A blessing in disguise
At the end of the day, this event should be viewed as a reminder that bitcoin transactions are not anonymous and far from private by default. The reality is there is still plenty of work to be done in the realm of protecting privacy in bitcoin. Getting angry at how anyone interacts with the bitcoin network is useless; it’s the base incentive structure that matters. If there are any weak spots in the protocol, it will only be a matter of time before someone tries to exploit them. Instead of yelling at the attackers, it would probably make more sense to build better defenses. When there are weaknesses in a decentralized system, there is no point in hoping that everyone will just play nice.
Correction: An earlier version of this article claimed that two individuals from Kraken and Mycelium are involved with Chainalysis. Jan Moller has not worked at Mycelium since October. Michael Grønager is also no longer affiliated with Kraken.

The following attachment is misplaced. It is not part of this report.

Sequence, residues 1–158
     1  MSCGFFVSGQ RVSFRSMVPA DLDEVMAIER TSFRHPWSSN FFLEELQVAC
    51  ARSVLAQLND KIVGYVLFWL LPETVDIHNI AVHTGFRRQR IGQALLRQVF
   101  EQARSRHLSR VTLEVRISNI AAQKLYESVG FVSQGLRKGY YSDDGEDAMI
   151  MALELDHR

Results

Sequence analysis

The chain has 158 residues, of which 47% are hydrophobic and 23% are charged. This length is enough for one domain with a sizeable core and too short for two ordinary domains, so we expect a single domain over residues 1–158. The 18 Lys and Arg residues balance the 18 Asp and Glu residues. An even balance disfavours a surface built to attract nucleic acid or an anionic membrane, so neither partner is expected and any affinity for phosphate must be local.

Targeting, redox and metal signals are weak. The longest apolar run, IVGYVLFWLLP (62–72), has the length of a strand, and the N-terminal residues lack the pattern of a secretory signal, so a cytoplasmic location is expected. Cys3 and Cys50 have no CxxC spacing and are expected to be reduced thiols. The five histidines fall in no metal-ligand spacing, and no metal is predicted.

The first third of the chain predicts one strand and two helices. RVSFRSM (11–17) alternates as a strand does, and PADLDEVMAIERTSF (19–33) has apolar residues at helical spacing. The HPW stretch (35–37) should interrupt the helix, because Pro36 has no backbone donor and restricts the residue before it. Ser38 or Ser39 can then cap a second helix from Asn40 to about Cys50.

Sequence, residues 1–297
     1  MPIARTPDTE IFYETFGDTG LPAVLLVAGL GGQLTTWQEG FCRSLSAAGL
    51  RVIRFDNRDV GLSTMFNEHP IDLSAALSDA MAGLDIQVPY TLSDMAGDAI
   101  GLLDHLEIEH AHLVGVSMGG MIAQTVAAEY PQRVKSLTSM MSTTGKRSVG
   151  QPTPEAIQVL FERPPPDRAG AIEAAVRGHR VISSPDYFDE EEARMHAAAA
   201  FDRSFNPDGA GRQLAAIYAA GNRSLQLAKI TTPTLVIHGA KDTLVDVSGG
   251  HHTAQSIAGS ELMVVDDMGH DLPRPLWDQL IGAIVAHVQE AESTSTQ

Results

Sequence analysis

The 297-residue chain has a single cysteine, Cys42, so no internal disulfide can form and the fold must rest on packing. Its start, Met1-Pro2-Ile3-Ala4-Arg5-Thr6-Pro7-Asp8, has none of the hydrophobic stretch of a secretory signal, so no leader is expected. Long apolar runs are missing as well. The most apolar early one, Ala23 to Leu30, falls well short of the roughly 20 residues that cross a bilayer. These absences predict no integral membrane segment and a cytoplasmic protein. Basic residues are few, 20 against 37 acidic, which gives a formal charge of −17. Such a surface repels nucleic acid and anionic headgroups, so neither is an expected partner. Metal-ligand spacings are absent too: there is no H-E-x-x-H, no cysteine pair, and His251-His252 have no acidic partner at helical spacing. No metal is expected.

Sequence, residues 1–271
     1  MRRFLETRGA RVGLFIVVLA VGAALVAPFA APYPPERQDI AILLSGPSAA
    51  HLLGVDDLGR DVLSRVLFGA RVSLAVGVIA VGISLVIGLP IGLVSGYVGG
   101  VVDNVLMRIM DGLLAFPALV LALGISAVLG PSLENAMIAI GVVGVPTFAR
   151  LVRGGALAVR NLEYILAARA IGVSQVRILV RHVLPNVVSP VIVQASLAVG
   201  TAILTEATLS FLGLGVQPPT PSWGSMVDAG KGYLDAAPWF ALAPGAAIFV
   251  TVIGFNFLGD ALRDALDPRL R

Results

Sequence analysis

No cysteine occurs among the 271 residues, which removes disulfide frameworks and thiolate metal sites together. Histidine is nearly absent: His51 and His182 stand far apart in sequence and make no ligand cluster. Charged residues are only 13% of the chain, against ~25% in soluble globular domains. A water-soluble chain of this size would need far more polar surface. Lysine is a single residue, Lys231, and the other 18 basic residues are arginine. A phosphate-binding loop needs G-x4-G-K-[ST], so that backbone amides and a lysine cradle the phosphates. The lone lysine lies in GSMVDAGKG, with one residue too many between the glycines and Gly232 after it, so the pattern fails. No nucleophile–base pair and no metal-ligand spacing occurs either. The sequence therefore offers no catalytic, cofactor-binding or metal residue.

Update: I seeked further clarification from Grønager one last time on the point of whether or not they collect IP addresses for their regulatory compliance offering. This is what he had to say (formatting my own):
“As for your question – no – the IP info we are collecting is not being used for our compliance offerings, and we have no [intention] of selling IP info. Also, I think it is worth stressing that e.g. blockchain.info for several years has had the practice of listing the IP address where the bc.info servers first spotted a transaction (e.g. https://blockchain.info/tx/
I have reached out to Blockchain’s Kristov Atlas for a comment on Grønager’s statement that blockchain.info’s setup could endanger bitcoin users in certain countries with authoritarian regimes.